After rolling out the team’s somewhat standard 4-2-3-1 formation in a loss to Philadelphia two days after the firing of Chris Armas, New York Red Bulls interim manager Bradley Carnell has deployed a 3-5-2 formation in two consecutive matches and it seems likely he will again tonight against Miami.
The use of the unorthodox formation (very much a 3-5-2 rather than a more defensive 5-3-2 given the advanced positioning of fullbacks Kyle Duncan and Jason Pendant) first ensured a convincing 2-0 result over D.C. United, while this past Saturday’s 1-0 loss to Cincinnati saw it sputter. Indeed, Red Bulls fans of recent years would not be unfamiliar with the 3-or-5-man backline, which has been deployed at passing moments in the tenures of Armas and Jesse Marsch in mixed contexts with mixed results.
But the sudden shift to this formation in the immediate wake of a power play by recently-installed British sporting chief Kevin Thelwell speaks to a deeper thread that oddly leads all the way back to American Midwest in the late 1990s. It was then that Mike Saif, an Englishman running youth clubs in the Kansas City area, found a distinct lack of textual references for coaches in the pre-internet days of American youth soccer.
“I saw the need for soccer coaching material in America,” Saif said. “At the time I was coaching (over here) and this was before the internet so I would often call home and ask my dad and brother to send me their coaching notes.”
Saif began a newsletter that eventually became a media publishing company called World Class Coaching (WCC), which early in their still-active existence printed several coaching manuals distributed throughout North America in early 00s written largely by a young coach based in rural Wales named Kevin Thelwell. Thelwell was one of the most decorated students of the Welsh FA coaching program under Osian Roberts, a titan of European coaching circles who had cut his teeth in the American youth scene. On top of Roberts’ connections, he eventually found his way to Saif and WCC through then-Manchester United academy coaches Richard Donnelly and David Williams, who in addition to producing videos for WCC had become acquainted with Thelwell through his work in the Wales national team program.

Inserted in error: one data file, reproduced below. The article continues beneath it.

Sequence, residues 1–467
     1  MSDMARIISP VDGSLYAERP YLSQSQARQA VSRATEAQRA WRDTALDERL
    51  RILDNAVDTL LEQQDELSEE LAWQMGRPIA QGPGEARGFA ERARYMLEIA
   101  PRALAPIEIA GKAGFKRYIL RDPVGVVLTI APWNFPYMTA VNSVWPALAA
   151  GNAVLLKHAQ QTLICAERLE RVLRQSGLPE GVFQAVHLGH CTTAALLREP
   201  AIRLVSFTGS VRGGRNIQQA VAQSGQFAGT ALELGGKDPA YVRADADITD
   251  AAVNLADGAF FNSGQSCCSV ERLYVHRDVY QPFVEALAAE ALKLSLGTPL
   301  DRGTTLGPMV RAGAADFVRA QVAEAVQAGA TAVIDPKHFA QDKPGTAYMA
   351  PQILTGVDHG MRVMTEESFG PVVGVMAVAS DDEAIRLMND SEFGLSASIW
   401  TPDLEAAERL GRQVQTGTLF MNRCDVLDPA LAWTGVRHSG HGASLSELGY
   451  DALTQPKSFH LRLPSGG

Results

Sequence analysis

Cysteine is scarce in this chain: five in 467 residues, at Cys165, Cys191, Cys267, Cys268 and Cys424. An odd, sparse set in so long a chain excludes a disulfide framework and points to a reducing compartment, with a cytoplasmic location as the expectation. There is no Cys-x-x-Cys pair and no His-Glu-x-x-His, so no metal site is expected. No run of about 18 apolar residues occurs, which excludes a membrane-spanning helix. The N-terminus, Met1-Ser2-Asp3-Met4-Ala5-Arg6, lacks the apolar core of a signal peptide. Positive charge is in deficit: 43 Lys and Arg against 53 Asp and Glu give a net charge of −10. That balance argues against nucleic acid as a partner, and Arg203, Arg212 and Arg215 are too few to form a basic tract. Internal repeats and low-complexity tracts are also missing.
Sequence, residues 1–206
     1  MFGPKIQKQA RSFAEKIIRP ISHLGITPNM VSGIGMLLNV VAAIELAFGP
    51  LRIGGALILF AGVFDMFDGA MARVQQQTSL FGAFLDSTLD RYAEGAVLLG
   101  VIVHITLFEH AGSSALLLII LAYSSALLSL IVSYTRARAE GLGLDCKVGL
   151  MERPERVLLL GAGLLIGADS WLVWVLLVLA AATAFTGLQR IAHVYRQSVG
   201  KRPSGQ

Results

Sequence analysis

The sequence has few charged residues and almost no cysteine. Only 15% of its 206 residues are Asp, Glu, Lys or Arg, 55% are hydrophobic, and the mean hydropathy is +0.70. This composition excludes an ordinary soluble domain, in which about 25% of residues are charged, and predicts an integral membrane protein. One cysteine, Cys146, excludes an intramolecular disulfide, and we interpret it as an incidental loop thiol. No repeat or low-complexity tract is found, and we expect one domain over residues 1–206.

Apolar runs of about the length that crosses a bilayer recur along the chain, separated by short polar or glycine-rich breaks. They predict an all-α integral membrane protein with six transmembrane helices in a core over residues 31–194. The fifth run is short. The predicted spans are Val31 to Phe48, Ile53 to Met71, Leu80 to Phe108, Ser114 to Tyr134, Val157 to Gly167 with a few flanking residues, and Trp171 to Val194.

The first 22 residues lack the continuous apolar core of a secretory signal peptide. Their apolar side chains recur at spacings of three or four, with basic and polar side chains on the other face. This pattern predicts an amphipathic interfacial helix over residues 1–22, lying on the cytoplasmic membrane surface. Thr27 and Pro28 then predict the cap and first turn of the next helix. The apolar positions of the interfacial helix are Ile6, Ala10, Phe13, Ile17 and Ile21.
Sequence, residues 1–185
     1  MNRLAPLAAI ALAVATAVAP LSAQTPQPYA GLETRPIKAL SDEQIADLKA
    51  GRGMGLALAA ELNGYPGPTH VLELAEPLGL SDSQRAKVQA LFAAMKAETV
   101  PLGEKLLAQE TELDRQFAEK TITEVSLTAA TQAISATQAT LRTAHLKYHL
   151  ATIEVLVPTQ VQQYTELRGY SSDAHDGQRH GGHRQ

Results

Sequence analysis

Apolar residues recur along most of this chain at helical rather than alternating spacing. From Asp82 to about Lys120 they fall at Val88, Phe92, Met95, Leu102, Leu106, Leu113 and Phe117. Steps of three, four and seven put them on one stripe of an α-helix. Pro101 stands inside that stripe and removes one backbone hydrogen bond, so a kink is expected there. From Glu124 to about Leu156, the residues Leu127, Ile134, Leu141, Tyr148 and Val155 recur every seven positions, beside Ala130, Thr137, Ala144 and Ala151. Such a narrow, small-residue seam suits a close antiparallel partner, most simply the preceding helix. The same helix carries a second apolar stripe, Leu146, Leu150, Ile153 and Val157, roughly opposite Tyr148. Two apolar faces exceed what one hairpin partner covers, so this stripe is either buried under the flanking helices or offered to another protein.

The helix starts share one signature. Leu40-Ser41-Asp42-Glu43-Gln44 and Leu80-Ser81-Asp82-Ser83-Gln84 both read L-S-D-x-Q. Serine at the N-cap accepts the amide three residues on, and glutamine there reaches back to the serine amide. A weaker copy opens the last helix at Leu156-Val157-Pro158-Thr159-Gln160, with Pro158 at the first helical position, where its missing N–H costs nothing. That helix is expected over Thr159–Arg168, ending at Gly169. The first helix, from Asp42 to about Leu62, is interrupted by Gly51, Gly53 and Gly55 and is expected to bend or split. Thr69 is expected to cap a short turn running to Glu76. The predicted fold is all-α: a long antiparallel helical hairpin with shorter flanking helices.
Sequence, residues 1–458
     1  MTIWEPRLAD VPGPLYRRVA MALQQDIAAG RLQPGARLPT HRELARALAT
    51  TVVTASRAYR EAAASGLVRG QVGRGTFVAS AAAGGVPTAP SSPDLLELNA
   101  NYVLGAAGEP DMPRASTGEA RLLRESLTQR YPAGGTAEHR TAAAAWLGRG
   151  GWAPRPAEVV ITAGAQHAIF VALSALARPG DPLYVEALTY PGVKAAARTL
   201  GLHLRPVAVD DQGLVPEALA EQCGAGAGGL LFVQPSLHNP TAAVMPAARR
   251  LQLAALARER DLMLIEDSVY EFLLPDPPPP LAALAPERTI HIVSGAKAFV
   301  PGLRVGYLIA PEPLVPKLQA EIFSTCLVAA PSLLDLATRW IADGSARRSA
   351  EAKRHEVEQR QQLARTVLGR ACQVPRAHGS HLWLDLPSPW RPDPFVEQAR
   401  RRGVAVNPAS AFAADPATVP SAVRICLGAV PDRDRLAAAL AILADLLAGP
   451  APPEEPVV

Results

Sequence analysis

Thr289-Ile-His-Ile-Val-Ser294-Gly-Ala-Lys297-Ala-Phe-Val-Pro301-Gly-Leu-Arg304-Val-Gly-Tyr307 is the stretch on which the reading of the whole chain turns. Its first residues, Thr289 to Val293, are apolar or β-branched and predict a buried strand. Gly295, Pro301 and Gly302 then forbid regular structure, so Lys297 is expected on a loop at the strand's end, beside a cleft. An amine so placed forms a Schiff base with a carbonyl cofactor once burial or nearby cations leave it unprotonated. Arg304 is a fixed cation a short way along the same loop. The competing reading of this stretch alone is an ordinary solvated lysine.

The manuals written by Thelwell for World Class Coaching include guides to proper and safe coaching for both 5 to 8-year-olds and 9 to 12-year-olds that indicate Thelwell’s formal expertise in even the most minute aspects of youth development. But most intriguing for the eventual path of his career and the future of the Red Bulls is a 2005 manual entitled Coaching The European 3-5-2.
Unlike the aforementioned youth coaching manuals which focus more on the mechanical aspects of running practices for novice coaches, the 3-5-2 manual is a sophisticated guide to the use of a pro-style formation with a full side. In what had to have been music to Red Bull’s ears, the young Thelwell describes the formation as a “springboard for compactness” that allows for aggressive team movement on both sides of the ball. He pinpoints the way the entire midfield - playmaker, shuttlers, and wingbacks - are in transition moments at all times and provide numerical advantages in almost all sections of the field. Perhaps most engaging is an entire chapter is dedicated to “defending from the front” and instructing attacking players how to cut off opposition passing, a chapter one could imagine might have been paperclipped with his cover letter to Ralf Rangnick last year.